Major airline groups want to know that governments have a strategy to reopen the border as the pandemic subsides.
Airlines in Canada and the United States are calling on governments on both sides of the border to detail a strategy to reopen the border between the two countries.
The National Airlines Council of Canada and Airlines for America made the call in a letter released Friday. Together, the associations represent the continent’s largest carriers.
“We are writing to urge the federal government to work with industry to swiftly lay out a clear plan for the safe restart of transborder air travel,” wrote Mike McNaney of the NACC and Nick Calio of A4A.
Governments closed the border as an early measure in the pandemic, initially for just a few months. They have extended the closure month-by-month ever since.
Panel recommends an easing of border restrictions
The airlines want a plan based on a recent report by an expert panel advising Canada’s Health ministry. That panel recommended an easing of Canada’s border measures, which are among the toughest in the world.
From the pandemic’s earliest days, Canada closed the border to most non-citizens. It also restricted the number of airports where international flights could land and imposed testing requirements and a two-week quarantine on international arrivals.
The expert panel recommends a softening of that approach. It would eventually do away with quarantined for fully vaccinated passengers.
“We believe a science and data-based approach will provide for the safe restart of transborder air travel,” the associations wrote. “As vaccination rates increase exponentially in both countries, and provincial governments release their restart plans, now is the time for the federal government to engage immediately with airlines to deliver a clear roadmap and timeline to reopen the air border. We believe this work should be completed and announced before June 21, when the existing Canadian border measures are set to potentially be renewed.”
In Canada, as of June 2, 2021, 59% of the population received at least one dose of the vaccine and four per cent had been fully vaccinated, the NACC estimated. A smaller percentage received a first dose in the U.S., but 40% were fully vaccinated.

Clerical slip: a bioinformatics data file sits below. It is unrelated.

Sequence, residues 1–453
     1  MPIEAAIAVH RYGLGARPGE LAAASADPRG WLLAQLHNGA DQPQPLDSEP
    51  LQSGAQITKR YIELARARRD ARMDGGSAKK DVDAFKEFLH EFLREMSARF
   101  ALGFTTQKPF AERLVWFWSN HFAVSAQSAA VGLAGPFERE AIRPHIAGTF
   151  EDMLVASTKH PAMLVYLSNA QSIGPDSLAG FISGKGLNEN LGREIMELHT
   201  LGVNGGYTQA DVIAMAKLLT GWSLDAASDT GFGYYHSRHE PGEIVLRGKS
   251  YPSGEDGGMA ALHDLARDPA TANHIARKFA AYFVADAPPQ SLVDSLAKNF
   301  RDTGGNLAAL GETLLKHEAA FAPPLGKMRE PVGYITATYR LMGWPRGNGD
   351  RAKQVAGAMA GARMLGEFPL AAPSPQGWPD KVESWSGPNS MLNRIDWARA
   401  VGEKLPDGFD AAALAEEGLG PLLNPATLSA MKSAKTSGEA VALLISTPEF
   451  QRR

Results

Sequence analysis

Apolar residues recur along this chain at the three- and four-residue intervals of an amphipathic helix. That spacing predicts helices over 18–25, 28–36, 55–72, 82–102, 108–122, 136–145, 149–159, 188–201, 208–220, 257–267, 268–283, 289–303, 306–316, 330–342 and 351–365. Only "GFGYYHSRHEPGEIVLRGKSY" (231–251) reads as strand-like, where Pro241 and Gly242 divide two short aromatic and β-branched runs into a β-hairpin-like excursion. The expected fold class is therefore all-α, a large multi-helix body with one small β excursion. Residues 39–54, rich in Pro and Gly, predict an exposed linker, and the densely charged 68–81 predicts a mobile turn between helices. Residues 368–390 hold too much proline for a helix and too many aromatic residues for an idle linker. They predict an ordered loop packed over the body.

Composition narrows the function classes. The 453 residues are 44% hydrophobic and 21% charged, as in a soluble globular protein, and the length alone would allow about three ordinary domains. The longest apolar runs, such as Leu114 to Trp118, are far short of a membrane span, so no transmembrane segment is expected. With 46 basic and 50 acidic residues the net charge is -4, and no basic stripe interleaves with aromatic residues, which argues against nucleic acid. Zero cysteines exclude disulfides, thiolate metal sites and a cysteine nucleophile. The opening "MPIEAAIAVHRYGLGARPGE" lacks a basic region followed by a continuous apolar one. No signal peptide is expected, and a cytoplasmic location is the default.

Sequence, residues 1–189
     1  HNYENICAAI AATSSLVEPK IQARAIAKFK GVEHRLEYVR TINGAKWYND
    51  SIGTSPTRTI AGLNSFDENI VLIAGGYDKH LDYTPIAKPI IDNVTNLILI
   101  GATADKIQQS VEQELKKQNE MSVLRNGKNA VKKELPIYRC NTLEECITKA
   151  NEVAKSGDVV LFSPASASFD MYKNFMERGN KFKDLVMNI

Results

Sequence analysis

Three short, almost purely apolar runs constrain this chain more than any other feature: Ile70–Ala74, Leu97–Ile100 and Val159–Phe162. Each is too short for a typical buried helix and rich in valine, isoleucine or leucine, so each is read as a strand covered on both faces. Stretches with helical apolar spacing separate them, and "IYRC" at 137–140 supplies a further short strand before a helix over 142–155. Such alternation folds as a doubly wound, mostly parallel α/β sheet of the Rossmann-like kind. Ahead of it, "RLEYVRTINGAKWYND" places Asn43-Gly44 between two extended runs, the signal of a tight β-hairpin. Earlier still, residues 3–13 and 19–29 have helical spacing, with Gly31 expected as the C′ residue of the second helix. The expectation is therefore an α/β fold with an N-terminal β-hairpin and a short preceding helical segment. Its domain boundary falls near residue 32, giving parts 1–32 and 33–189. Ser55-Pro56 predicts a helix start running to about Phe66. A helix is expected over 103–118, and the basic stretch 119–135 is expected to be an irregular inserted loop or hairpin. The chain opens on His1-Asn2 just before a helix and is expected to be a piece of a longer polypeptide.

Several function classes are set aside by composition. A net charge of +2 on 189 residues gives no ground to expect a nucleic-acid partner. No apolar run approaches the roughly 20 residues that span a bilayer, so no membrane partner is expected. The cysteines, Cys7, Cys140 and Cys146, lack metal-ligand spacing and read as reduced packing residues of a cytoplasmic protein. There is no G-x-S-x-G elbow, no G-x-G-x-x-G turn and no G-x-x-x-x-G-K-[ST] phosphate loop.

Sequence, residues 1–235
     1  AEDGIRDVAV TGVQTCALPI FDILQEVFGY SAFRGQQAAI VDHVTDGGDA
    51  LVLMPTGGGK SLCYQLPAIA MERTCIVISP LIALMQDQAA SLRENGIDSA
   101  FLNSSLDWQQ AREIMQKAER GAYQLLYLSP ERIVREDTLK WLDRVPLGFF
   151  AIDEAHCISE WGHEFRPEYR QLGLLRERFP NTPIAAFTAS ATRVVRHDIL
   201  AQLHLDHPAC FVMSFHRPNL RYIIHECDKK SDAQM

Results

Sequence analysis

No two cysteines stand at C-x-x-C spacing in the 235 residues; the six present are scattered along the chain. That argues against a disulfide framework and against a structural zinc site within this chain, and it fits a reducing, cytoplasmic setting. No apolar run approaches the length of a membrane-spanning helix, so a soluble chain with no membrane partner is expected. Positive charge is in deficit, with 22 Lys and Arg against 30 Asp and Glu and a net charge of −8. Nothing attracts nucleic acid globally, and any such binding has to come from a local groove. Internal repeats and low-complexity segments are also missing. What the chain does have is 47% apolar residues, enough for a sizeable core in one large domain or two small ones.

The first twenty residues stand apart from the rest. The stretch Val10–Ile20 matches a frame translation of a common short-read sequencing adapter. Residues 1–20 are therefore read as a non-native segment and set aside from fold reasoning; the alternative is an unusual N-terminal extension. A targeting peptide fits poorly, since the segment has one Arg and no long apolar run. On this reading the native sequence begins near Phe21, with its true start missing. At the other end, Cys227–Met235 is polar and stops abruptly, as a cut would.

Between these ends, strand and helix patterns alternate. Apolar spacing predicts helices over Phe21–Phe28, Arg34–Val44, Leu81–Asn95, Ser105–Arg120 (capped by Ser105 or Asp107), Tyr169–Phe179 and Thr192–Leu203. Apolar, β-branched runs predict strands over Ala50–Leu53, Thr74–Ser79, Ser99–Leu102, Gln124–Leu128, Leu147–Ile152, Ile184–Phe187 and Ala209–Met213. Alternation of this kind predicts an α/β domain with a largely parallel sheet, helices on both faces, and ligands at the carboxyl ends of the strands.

Those rates are enough to warrant planning to reopen the border, the airlines argue.
Safely reopening the border essential for pandemic recovery
Before the pandemic, the Canada-U.S. border was among the busiest in the world, according to data compiled by OAG. That traffic allowed Air Canada to build Toronto into one of the most internationally connected airports on the continent.
The countries are part of a continent-wide free trade agreement. And airlines say it’s important for both countries to get traffic moving again.
“Safely reopening transborder air travel between Canada and the U.S. is essential for both nation’s economic recovery from the pandemic,” they wrote. “Canada and the U.S. have one of the largest and most comprehensive investment relationships in the world. Air travel is a critical enabler of trade between our countries that was worth $718 billion USD in 2019, including the transport of 408,000 tons of high value-added freight and mail (1,117 tons per day).”
The airlines point to the United Kingdom, which released its border reopening plan a month ago. It includes a system ranking countries either green, amber or red. Non-subjects flying from countries on the red list are generally denied entry. People arriving from countries on the amber list – including Canada – have to quarantine on arrival and test negative. Those arriving from countries on the green list must take a COVID test, but don’t need to quarantine.
“We ask that you and your team engage immediately with the airline industry to create a plan,” the airlines conclude, “that will clearly spell out how and when we will restart air travel between Canada and the U.S., with the objective of releasing the plan prior to June 21.”
That is the date the latest Canada-U.S. border closure expires.
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Categories: General aviation